1854: Zumbrota, Minnesota, the town near where they will locate, was settled in 1854, organized in 1858 and received the name of its village platted in 1856 on the Zumbro river which flows across the southern part of the township.  It was called "Riviere d'Embarras" by Pike in 1805-1806 adopting the name given it by French traders and voyageurs.  The French name referred to obstruction of the river near its mouth by a natural raft of driftwood.  Pronounced quickly and incompletely, with the French form and accent, as heard and written down by the English-speaking immigrants, this name "Riviere d'Embarras"  was unrecognizably transformed into "Zumbro" which is used on a map of Minnesota in 1860.  The village and township name adds a syllable, the Sioux suffix, "ta" meaning "at", "to", or "on", that is "the town on the Zumbro, being thus a compound from the French and Dakota languages.

1855:  Minneola Township, where Bartinus' parents would move (and later he would also live), was settled in 1855 and organized on December 15, 1859.  The name comes from the Dakota or Sioux Indian language, meaning "much water".

Between Red Wing, Minnesota, alongside the Mississippi river (where many Norwegians would start their Minnesota journey), and Zumbrota (about 25 miles), there were only 6 log houses along a well marked Indian trail.

Zumbrota has a population of 206.

"Great Sioux Uprising":
West of where Peter, Sigrid and their family will move, settlers are killed during the "Great Sioux Uprising".  One woman recalled the time: "The Indians have begun attacking the farmers. They have already killed a great many people, and many are mutilated in the cruelest manner. Tomahawks and knives have already claimed many victims. Children, less able to defend themselves, are usually burned alive or hanged in the trees, and destruction moves from house to house. The Indians burn everything on their way - houses, hay, grains, and so on. Even if I describe the horror in the strongest possible language, my description would fall short of reality. These troubles have now lasted for about two weeks, and every day larger numbers of settlers come into St Peter to protect their lives from the raging Indians. They crowd themselves together in large stone houses for protection, and the misery is so great that imagination could not depict it in darker colors. A few persons with their hands and feet burned off. May I never again have to see such terrible sights".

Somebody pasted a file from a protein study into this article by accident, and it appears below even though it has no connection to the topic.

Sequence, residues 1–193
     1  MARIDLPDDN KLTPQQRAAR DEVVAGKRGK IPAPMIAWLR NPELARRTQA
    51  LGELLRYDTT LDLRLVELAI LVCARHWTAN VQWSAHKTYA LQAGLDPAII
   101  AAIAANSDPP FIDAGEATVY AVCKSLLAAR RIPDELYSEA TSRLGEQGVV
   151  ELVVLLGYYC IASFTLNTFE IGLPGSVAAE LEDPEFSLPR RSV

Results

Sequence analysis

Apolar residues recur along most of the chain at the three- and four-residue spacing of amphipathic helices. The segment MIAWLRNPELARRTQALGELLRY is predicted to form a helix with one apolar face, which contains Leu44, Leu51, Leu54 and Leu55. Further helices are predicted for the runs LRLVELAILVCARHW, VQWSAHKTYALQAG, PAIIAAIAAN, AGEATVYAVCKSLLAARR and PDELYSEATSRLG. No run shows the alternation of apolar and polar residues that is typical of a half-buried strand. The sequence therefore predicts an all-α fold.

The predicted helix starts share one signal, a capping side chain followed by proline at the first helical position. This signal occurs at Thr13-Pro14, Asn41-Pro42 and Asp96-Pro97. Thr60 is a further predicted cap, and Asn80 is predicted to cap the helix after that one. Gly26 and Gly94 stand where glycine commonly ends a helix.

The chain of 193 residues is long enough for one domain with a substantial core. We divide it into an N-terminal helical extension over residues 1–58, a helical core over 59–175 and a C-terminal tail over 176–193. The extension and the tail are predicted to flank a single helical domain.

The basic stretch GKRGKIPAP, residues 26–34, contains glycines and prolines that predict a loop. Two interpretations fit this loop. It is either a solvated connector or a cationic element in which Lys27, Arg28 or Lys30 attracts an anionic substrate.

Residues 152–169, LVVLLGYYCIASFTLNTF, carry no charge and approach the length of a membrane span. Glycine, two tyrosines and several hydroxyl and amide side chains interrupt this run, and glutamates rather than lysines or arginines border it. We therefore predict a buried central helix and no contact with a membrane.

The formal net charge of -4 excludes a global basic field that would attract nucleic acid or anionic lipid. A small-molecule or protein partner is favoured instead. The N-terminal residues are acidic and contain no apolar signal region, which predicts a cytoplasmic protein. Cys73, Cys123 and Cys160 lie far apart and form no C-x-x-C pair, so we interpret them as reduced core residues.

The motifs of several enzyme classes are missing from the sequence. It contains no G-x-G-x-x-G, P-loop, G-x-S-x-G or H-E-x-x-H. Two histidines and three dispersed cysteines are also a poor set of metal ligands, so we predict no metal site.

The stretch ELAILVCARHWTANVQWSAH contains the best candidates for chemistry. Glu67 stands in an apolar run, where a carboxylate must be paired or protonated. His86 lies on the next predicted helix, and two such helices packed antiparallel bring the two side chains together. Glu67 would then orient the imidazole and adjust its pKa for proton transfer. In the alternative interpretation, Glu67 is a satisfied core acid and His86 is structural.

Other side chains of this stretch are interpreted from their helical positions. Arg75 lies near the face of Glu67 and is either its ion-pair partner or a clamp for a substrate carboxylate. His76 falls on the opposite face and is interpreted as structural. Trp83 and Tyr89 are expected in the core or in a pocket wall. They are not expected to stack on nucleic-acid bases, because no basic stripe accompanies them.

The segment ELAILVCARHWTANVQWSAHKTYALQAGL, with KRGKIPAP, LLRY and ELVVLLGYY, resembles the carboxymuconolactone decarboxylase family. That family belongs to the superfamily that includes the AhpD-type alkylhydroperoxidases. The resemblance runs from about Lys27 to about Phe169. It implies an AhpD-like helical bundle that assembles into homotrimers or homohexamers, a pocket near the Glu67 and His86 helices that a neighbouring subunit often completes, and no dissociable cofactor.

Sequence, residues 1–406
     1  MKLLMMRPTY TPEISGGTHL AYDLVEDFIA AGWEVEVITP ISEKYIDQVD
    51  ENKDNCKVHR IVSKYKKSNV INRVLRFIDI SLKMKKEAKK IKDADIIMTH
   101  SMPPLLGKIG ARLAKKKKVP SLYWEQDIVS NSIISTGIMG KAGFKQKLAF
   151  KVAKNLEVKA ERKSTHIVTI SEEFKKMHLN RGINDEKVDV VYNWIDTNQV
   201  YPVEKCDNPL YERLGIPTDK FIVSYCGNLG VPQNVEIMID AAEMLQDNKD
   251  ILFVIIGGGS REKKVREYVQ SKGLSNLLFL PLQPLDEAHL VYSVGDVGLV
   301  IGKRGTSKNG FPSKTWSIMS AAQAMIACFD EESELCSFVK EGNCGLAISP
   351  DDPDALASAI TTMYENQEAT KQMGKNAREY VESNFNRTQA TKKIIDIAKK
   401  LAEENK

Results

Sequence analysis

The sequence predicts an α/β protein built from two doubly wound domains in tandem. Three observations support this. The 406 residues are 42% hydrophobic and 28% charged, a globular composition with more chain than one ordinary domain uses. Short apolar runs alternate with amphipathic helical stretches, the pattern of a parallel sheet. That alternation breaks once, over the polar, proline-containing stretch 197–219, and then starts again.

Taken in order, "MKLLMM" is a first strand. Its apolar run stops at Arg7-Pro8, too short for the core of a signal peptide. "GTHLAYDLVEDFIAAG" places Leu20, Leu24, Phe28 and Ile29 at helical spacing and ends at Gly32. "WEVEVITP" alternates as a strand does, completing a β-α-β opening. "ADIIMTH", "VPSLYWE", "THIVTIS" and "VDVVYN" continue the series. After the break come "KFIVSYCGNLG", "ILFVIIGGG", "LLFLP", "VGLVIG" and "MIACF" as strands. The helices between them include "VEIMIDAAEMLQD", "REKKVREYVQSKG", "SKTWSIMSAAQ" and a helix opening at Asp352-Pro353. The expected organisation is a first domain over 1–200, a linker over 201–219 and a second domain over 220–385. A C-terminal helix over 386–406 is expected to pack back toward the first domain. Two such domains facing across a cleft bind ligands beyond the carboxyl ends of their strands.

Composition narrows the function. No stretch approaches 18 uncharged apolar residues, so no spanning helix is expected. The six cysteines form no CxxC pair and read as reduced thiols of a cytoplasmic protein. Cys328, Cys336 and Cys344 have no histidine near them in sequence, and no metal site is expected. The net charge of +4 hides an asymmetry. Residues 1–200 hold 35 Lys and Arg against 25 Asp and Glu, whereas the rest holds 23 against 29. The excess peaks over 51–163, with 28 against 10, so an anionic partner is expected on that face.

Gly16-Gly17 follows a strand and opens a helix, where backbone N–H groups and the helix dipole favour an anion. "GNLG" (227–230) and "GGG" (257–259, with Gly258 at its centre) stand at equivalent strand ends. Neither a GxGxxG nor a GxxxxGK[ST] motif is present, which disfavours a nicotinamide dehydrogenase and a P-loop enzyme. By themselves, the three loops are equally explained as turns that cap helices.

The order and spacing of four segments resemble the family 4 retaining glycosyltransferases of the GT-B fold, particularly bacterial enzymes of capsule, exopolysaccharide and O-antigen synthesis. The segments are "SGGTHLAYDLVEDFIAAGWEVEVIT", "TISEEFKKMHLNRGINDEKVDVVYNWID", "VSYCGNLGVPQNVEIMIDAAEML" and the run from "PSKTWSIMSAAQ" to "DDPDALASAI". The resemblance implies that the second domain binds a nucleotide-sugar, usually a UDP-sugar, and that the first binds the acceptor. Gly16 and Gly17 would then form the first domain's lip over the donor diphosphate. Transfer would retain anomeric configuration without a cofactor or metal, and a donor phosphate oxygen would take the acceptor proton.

April 14, 1865. President Abraham Lincoln is shot.  He dies the next day.
May 1, 1865.  The first marriage license in Goodhue County was issued.  Prior to then, no license was required.
May 14, 1865.  Bartinus sails on the bark "Bergen" with his parents and his brother, Ole, from Trondheim to Quebec.  Between 1850 and 1865 most emigrants traveled on Norwegian sailing ships to Quebec and from there to the United States.